Even if you're willing to grant Rookie of the Year favorite Luka Doncic go-to status already, you must still contend with question marks at the sidekick spot. Kristaps Porzingis has done some incredible things when healthy, but he hasn't logged NBA minutes since February 2018 and is now ticketed for restricted free agency.
With that said, the potential for this combo is mind-numbing. We wouldn't be including them unless we were all the way bought-in, right?
"The last time we saw Porzingis, we all thought he was going to be a star. We all know that Doncic is probably going to be the NBA Rookie of the Year. ... To get those two young pieces, I think the Mavs have done a really good job. I can't think of a better one-two punch going forward for the next 10 years."
Doncic already appears to be an elite shot-creator and across-the-board contributor. He just joined Oscar Robertson as the only rookies ever to average 20 points, seven rebounds and six assists. The 7'3" Porzingis is a rim protector and shot-blocker who doubles as a 39.5-percent three-point shooter and smooth perimeter scorer.
The rest of Dallas' roster needs work. But the Mavs have financial flexibility, no state income taxes, the deep pockets of team owner Mark Cuban and one of the Association's most attractive 23-and-under combos.
They have the resources in place to recruit and retain difference-making talent.
Los Angeles Lakers
A cursory glance at the Los Angeles Lakers might lead you to believe the sky is falling, especially if you digest your NBA analysis in #hottake form.
Former team president Magic Johnson's split from the franchise was messy. New head coach Frank Vogel wasn't among the club's top two choices. The franchise-worst playoff drought has spanned six seasons. Roadblocks have appeared in front of potential fortune-changing trade targets and free agents.
But if any of this year's non-playoff participants made a run at next year's crown, wouldn't it be the one already rostering the King?
LeBron James' first season in Hollywood was...strange. But it was also encouraging before injuries reared their ugly head. Through Christmas Day—when the Lakers routed the Golden State Warriors but also lost James to a groin strain—L.A. was 20-14 with a top-10 net rating. And that was with the team dropping five of its first seven outings.
The Lakers are closer to contention than their clouds of chaos would lead you to believe. If James is no longer the best player on the planet, he can still wear that label any given night. Brandon Ingram just averaged more than 18 points on nearly 50 percent shooting. Kyle Kuzma has the 19th-most total points between his rookie and sophomore seasons in the 2000s. Lonzo Ball is both a stat-sheet filler and a defensive tone-setter.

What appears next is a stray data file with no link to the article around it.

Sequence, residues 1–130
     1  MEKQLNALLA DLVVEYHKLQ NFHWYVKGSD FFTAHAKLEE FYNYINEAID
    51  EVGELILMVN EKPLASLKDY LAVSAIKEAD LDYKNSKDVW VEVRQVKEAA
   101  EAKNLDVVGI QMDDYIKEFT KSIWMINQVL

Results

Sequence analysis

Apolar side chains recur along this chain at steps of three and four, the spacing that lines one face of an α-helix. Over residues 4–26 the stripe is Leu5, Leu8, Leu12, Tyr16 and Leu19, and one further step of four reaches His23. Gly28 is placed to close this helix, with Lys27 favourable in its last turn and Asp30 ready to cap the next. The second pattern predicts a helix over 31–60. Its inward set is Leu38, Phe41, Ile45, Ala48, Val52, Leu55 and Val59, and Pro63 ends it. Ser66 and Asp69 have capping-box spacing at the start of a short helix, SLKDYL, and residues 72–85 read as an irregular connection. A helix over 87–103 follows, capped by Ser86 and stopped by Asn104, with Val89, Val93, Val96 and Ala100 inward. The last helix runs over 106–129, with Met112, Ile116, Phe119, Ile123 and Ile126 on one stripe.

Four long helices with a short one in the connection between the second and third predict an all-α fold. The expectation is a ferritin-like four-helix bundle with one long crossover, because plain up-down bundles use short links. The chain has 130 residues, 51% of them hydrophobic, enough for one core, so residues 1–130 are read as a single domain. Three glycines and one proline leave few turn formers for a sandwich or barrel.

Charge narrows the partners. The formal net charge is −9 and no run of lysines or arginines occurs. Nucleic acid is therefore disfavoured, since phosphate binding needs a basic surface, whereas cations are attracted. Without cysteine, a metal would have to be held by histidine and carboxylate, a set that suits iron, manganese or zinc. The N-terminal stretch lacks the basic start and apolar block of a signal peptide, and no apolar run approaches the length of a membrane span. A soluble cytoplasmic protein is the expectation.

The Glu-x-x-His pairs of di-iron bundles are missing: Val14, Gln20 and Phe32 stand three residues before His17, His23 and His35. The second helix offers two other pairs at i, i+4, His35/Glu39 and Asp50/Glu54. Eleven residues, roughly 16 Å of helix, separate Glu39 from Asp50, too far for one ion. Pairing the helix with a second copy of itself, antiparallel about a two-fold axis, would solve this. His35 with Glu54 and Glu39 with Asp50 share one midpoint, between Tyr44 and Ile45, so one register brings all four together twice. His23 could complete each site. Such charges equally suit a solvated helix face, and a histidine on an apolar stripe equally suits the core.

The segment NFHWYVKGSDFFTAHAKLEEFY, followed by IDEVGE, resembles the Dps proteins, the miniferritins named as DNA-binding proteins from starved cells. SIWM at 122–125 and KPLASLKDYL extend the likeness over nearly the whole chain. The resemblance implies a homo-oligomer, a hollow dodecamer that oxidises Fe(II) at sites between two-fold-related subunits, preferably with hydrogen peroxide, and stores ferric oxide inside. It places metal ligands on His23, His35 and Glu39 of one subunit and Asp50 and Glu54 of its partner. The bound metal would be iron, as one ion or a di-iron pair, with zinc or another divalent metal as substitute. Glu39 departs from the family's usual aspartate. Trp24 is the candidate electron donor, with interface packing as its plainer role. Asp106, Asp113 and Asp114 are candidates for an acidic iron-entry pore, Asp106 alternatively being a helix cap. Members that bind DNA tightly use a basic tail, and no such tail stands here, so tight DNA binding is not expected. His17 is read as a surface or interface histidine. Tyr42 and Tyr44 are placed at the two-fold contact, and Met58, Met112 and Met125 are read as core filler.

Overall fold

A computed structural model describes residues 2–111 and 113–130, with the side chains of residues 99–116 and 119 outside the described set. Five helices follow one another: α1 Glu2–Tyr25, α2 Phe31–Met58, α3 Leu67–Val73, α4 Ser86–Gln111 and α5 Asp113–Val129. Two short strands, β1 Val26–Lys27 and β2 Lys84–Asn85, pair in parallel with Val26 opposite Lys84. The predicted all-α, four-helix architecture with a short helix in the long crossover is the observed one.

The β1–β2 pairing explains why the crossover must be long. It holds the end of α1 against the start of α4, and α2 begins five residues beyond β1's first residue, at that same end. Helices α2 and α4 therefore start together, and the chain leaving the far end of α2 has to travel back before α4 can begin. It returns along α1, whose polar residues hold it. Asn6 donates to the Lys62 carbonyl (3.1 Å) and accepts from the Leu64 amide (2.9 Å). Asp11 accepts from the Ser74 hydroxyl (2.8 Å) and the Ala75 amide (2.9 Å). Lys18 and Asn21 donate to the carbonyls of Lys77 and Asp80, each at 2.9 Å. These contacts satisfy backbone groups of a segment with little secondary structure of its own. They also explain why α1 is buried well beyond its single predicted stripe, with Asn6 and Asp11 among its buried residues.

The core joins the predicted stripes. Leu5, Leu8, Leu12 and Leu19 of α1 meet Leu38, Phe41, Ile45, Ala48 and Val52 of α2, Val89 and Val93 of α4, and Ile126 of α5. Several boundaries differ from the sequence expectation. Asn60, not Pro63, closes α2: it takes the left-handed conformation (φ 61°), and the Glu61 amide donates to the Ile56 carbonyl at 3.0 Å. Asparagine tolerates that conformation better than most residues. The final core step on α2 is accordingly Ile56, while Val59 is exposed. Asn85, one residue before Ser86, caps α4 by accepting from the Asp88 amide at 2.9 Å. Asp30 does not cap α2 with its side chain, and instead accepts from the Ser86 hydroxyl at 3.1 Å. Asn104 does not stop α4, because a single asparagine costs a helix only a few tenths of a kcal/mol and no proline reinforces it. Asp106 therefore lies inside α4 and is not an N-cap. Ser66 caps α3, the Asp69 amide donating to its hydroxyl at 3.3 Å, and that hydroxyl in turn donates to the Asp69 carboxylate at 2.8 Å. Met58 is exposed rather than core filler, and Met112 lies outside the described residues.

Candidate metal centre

This roster isn't perfect, but it has plenty of attractive parts. It could also soon be enhanced in a major way. The Lakers have the cap space to sign a megastar or the trade assets to acquire one. With the 34-year-old James' biological clock audibly ticking, this organization should be as aggressive as any this summer.
L.A. rocked the hoops world by landing LeBron last summer. If the Lakers swing another earth-shattering move this offseason, they could shake up the 2020 championship race.
While growing a contender organically takes time, the Sacramento Kings already have years—not to mention, blood, sweat and tears—invested in the process.
And it shows.
Sacramento, which hasn't tasted playoff hoops since 2006, took its biggest step yet toward snapping that decade-plus-long drought last season. Second-year point guard De'Aaron Fox emerged as a full-fledged floor general. Buddy Hield rarely met a three-ball he couldn't bury. Harrison Barnes arrived as the missing big wing. Marvin Bagley III and Harry Giles III each showed flashes of brilliance while auditioning for the frontcourt of the near future.
That quintet barely saw the floor together, logging only 24 minutes across nine contests. But that floor time was as encouraging as a miniature sample can be. The Kings outscored clubs by 6.5 points per 100 possessions with that five-man group, which would have been this season's second-best net rating.
"Fox and Harry Giles III are 21, and Marvin Bagley III will play most of next year as a 20-year-old. Buddy Hield emerged as an ace high-volume sniper in 2018-19, and he's the old man in the core at 26. Throw in a sparkling arena, a fanbase that's dying to embrace a winner and a thrilling style of play, and you've got a lot to like in Sacramento."
The Kings should further embrace their pace-and-space vision under new head coach Luke Walton, and another developmental offseason could do wonders for this young core. If Sacramento adds an impact piece this summer, expect it to be a regular on all NBA breakout watch lists this October.
Zach Buckley covers the NBA for Bleacher Report. Follow him on Twitter, @ZachBuckleyNBA.